Or How I Learned to Read a Crochet Pattern and Mind my Tension
The first crochet project that Lynne set up for the Blogville Ladies Crochet Society to try was a dish cloth. It was a great project for a novice like myself.
I had fun making the first two and wanted to stretch my wings on some more. I realized that my first two cloths weren’t done using the intended stitch properly when I saw the tutorial for the pot holder that Lynne presented for the next BLCS project. Without knowing it I had used only back loops to do my single crochet, creating a corrugated or ribbed effect so I made another cloth using the proper single crochet technique. I also stretched my wings a bit by changing the color every two rows!
By this time I figured I had mastered the single crochet and wanted to try some new stitches. I like the idea of doing dish cloths since they are small projects, but a person only needs so many dish/wash cloths. While surfing around some knitting and crochet web sites I discovered Warmth for Warriors. Their main focus is to provide hats to soldiers in Afghanistan, but during the summer months they are also looking for wash cloths so now I had an outlet for all my wash cloths.
One of the challenges with learning to crochet is to be able to read the patterns. You basically have to learn a foreign language. For all you non-crocheters here is an example of a crochet pattern to give you a feel for what I’m talking about:
Row 1: 3 dc into 4th ch from hook, *skip 3 ch sts, (1 sc, ch 3, 3 dc) into next ch, rep from * to the last 4 ch, skip ch 3, sc into last ch, ch 3, turn.
See what I mean? Everything is written in a shortcut language. At first I was really intimidated by this, but I am starting to get the hang of it and keep trying new patterns. I also found the Ultimate Crochet Bible at Joann’s and picked it up with one of their great coupons. I wanted a good reference book for stitches and this seemed to fit the bill.
One of the patterns I stumbled upon was for this Tulip Stitch wash cloth. It uses a double crochet stitch so I had to teach myself that first. Next I attempted the same pattern with different yarn and a hook the next size up (what the yarn wrapper called for). I also tried to not pull my stitches real tight as I did in the above one since I am learning that isn’t necessarily the proper technique either.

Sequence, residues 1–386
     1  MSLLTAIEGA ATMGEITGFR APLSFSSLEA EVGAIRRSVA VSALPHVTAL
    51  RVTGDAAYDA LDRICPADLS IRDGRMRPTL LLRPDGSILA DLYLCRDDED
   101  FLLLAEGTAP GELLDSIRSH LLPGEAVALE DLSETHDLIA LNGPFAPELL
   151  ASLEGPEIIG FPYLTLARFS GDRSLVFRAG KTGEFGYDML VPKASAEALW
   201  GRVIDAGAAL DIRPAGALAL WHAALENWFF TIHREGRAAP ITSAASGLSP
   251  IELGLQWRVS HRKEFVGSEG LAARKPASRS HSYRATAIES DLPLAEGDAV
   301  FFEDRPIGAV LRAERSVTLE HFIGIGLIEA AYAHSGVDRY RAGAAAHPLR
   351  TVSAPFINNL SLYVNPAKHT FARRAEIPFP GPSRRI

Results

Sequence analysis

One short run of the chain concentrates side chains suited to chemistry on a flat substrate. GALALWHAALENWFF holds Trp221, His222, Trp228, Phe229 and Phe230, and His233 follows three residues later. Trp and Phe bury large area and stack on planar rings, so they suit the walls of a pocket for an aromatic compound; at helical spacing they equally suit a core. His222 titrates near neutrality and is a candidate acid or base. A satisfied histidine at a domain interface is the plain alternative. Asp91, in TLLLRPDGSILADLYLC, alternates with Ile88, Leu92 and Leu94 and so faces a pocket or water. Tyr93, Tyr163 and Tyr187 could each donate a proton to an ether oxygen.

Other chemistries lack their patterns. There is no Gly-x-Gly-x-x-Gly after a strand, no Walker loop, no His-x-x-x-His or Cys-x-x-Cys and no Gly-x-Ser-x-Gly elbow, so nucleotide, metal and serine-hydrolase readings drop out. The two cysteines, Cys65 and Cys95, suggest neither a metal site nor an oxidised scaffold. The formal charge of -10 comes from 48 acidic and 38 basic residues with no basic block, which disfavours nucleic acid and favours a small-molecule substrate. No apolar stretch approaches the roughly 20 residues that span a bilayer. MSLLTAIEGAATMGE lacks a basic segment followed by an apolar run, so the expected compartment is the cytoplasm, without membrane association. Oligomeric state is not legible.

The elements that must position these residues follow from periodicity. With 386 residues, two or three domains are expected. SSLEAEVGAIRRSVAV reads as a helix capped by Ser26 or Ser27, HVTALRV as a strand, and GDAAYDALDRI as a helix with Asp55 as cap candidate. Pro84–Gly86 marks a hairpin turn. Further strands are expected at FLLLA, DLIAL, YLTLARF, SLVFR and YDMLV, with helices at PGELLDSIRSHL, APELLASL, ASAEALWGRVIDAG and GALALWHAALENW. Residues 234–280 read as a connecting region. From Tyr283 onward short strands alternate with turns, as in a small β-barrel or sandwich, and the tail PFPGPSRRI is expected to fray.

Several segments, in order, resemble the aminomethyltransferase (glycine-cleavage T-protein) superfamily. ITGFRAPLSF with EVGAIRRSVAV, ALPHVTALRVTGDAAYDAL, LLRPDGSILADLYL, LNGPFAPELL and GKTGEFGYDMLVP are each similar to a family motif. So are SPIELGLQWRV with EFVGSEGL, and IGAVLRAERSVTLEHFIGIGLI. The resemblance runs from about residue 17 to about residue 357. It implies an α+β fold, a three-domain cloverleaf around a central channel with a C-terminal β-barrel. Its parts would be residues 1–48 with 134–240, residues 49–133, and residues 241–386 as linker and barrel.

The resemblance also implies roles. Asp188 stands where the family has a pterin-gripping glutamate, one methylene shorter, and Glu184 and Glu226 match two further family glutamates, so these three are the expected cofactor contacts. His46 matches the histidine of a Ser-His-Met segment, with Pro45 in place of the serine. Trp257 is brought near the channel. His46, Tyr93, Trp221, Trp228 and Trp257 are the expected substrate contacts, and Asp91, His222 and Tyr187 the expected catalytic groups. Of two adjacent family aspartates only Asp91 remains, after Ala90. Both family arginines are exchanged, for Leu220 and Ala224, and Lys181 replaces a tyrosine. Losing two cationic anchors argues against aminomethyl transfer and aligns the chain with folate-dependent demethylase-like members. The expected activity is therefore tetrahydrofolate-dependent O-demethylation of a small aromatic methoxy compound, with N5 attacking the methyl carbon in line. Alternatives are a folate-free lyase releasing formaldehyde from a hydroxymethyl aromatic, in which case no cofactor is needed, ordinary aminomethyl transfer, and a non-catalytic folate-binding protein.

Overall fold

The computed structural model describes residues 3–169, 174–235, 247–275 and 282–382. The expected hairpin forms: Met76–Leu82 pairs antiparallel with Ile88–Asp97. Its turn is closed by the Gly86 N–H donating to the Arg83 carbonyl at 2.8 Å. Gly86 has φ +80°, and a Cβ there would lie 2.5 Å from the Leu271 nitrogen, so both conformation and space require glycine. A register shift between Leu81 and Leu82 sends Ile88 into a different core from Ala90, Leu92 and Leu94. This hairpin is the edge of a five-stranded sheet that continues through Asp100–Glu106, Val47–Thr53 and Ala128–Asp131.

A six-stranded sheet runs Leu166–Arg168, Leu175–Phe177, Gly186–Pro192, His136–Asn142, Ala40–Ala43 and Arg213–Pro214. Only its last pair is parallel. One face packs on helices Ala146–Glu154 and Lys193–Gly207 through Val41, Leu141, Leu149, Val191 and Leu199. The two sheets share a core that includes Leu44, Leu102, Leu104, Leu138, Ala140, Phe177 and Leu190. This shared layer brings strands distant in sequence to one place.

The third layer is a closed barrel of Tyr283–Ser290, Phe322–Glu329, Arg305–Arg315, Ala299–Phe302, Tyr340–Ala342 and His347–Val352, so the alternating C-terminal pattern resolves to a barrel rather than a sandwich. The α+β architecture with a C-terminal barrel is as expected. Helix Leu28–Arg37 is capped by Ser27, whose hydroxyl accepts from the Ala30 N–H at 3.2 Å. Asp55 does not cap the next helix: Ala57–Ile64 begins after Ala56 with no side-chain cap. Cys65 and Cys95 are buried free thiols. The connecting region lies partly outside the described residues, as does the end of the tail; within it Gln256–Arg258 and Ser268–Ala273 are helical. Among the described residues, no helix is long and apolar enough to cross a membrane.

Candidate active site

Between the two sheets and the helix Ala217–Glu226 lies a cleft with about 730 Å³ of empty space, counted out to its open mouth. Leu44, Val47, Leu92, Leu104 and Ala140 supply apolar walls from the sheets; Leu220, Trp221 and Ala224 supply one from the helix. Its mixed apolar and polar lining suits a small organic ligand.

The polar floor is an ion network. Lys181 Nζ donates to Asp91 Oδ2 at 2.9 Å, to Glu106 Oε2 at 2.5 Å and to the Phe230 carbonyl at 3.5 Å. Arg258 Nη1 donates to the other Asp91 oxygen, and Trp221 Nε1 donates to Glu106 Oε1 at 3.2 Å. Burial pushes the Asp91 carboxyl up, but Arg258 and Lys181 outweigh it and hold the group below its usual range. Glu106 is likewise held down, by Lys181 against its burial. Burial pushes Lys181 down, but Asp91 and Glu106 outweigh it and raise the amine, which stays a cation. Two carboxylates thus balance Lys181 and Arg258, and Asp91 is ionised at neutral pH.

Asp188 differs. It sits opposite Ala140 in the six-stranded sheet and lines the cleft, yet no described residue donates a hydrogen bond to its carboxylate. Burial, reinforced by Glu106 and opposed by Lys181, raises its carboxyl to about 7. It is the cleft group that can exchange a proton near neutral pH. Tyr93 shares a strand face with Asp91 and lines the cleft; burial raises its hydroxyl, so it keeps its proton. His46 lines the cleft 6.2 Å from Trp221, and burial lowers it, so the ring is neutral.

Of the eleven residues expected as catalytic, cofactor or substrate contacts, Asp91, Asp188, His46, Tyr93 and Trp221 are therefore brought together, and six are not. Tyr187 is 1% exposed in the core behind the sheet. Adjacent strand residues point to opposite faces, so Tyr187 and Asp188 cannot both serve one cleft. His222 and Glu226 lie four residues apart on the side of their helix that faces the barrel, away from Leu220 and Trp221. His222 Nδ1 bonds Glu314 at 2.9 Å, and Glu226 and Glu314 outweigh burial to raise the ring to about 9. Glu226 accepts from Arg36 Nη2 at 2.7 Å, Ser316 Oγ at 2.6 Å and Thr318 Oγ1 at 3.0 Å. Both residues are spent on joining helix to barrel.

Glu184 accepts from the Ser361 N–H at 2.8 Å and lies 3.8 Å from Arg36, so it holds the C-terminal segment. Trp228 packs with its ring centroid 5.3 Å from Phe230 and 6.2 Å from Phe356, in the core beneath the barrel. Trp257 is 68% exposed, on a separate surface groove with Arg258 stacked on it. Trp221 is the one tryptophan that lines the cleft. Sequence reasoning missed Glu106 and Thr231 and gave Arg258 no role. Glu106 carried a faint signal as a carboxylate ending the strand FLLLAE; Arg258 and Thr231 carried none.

I love how using different color yarn can produce something that looks quite different. What you also can’t tell from the separate pictures is how different in size they are.
The colorful one is maybe a bit too loose so my next try will aim for somewhere in between. I also found my next wash cloth pattern online. I liked this one because it used a series of different stitches for groups of rows.
You can see the different stitch patterns in this picture. Since I am making these for the Warmth for Warriors project I tried to find yarn that wasn’t too “girly”, but that isn’t always easy when looking for cotton yarn.
The next version I did I used some coordinating solid color yarn. I like the way this version shows off the different stitch areas and I think it makes it look a bit more masculine. I have more yarn and will be making more versions of this pattern with the three colors of yarn. This is an easy one to have for a small carry along project.
Like I said earlier, I am trying to loosen up my tension and you can see how the one on the right is slightly larger by loosening up the tension just a bit.
The Warmth for Warriors project will be accepting wash cloths until September 30th so I plan on plugging along to see how many I can send to them. I would like to challenge my fellow American crocheters and knitters to make a wash cloth and send it to the Warmth for Warriors project too. I don’t know if there is a similar program in other countries, but I don’t suppose that you have to live in this country to participate if you would like. Let’s see how many we can make and let me know if you do.